Everyone who works in Mexico is enrolled in the public healthcare sector by their employer, whether they are a citizen or foreign worker. There are two main types of public health insurance in Mexico. The instituto de Salud para el Bienestar (INSABI) and The Instituto Mexicano del Seguro Social (IMSS). The INSABI scheme is a health insurance program for the unemployed or those that cannot afford to enrol voluntarily. It offers health services and treatment free of charge. It replaced the Seguro Popular scheme which was running until December 2019. The IMSS scheme is health insurance for employees working for private companies, this can be for both Mexican citizens and foreign employees. There is also the option for private healthcare which many wealthy Mexicans and foreign employees choose. This gives access to private clinics and hospitals with better infrastructure, care options, and shorter waiting times. English is also more widely spoken in private clinics and hospitals.
EMPLOYMENT OF FOREIGN NATIONALS
Most foreign nationals will need a visa to work in Mexico. The authority for overseeing all immigration in Mexico and issuing of visa/permits is the National Institute of Immigration (Instituto Nacional de Migración - INM). Below are the two most common visas to be able to conduct business or work in Mexico.
- Visitor Visa With Permission To Work
This visa is for people wishing to enter Mexico for less than six months, they will need to apply for a visitor visa with permission to engage in lucrative activities. This is only granted to people visiting for less than 6 months who will not be paid by a Mexican business. The applicant or the company must be able to prove the company are registered with the INM (constancia de inscripción de empleador). The company will also need to provide a letter with the applicant’s name, nationality, job description and duration, salary, and the address of the workplace, and must confirm financing of the applicants travel expenses. The applicant will need to apply at the Mexican Consulate in their country of residence.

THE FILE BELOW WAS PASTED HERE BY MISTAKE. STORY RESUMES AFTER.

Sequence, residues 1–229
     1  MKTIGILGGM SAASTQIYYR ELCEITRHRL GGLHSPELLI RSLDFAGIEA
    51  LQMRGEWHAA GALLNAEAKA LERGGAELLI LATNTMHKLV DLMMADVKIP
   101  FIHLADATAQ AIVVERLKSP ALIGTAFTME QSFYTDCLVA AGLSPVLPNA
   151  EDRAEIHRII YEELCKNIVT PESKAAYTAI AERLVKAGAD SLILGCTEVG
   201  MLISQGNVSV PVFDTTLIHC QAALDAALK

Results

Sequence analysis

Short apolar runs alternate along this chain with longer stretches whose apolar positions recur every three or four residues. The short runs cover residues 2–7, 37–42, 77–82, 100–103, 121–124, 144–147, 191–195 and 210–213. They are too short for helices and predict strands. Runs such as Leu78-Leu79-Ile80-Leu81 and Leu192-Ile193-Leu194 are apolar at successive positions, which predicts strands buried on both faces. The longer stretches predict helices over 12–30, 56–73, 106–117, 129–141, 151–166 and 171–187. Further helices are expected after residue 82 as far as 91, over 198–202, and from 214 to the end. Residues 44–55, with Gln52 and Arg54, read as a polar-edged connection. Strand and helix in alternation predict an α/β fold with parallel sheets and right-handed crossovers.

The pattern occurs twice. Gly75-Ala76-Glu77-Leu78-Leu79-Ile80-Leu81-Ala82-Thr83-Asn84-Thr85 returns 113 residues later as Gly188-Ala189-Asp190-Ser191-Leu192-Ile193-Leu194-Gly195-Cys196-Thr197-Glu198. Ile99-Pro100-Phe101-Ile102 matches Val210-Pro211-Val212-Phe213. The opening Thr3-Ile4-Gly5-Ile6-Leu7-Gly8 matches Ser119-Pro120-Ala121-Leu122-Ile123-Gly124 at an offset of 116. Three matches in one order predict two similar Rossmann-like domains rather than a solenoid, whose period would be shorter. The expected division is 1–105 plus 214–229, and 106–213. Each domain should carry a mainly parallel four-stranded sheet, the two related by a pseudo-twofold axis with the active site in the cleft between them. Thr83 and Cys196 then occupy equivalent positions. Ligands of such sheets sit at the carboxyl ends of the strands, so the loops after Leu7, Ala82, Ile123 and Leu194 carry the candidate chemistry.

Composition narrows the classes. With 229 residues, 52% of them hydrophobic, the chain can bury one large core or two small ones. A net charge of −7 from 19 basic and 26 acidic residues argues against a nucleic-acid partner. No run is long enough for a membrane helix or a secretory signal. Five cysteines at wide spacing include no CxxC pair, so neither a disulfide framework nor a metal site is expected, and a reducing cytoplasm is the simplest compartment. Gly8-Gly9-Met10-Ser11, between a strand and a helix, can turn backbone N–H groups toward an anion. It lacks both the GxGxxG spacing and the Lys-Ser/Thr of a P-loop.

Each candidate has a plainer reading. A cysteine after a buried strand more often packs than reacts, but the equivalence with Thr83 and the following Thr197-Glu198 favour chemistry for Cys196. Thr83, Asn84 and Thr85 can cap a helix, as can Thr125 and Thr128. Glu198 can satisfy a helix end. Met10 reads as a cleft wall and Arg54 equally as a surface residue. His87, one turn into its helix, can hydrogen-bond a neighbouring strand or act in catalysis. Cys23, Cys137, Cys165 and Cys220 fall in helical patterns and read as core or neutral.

- Temporary Resident Visa With Permission To Work
This visa is for applicants wanting to stay in Mexico longer than 6 months, with permission to work. Firstly, an application will need to be made by the Mexican company at the Mexican Institute of Immigration. If this approved, then the applicant will then need to apply at the Mexican Consulate in their country of residence. Once notified by the INM that the application has been successful, they have 15 days to visit the consulate to obtain the visa. Once in Mexico the applicant will need to register with their local immigration office within 30 days to obtain the temporary resident card. The residency card is valid for up to 4 years. After 4 years the visa holder will need to apply for a permanent resident visa or leave the country.
The national minimum wage in Mexico (Salario Minimo) from January 2022 is 172.87 Mexican Peso (MXP) per day. The rate along the free zone of the north border (Zona Libre de la Frontera Norte or ZLFN) is 260.34 MXP per day.
The Mexican tax year runs from January to December. It is the employer’s responsibility to ensure taxes are paid from salaries before payments are made to the employees. The general personal income tax rates are listed below as guidance. Most Mexican states levy a low tax on salaries and other income earned by employees. This is payable by the employer, for example, Mexico City imposes a 3% payroll tax.
Salaries in Mexico are generally paid on a bi-weekly basis around the 15th and last working day of the month. Employees are also entitled to a vacation bonus which is equivalent to no less than 25% of their regular salary. Additionally, a Christmas bonus of at least 15 days salary is to be paid before the 20th December.
SOCIAL SECURITY CONTRIBUTION
Social security contributions in Mexico are the responsibility of the employer to deduct from an employee’s salary before payment. Both the employer and employee are subject to social security contributions. Below are approximate contribution rates for employers and employees, please note that these can vary.